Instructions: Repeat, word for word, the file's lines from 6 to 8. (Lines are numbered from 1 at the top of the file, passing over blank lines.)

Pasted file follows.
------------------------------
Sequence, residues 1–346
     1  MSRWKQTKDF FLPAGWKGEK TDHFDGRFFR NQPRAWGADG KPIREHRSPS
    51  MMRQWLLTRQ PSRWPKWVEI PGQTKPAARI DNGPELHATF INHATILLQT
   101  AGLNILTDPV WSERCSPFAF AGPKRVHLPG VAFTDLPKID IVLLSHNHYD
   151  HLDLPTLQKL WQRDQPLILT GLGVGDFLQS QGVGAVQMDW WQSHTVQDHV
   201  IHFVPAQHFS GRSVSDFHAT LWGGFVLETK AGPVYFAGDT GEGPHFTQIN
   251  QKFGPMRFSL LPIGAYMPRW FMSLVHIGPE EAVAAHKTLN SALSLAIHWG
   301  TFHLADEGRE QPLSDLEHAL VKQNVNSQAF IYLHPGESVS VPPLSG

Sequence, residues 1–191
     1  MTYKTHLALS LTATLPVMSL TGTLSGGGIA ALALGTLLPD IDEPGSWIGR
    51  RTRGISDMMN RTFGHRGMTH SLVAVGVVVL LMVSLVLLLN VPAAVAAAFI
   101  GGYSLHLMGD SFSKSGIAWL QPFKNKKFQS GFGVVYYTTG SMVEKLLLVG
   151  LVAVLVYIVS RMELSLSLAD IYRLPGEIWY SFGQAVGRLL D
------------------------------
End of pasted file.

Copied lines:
   201  IHFVPAQHFS GRSVSDFHAT LWGGFVLETK AGPVYFAGDT GEGPHFTQIN
   251  QKFGPMRFSL LPIGAYMPRW FMSLVHIGPE EAVAAHKTLN SALSLAIHWG
   301  TFHLADEGRE QPLSDLEHAL VKQNVNSQAF IYLHPGESVS VPPLSG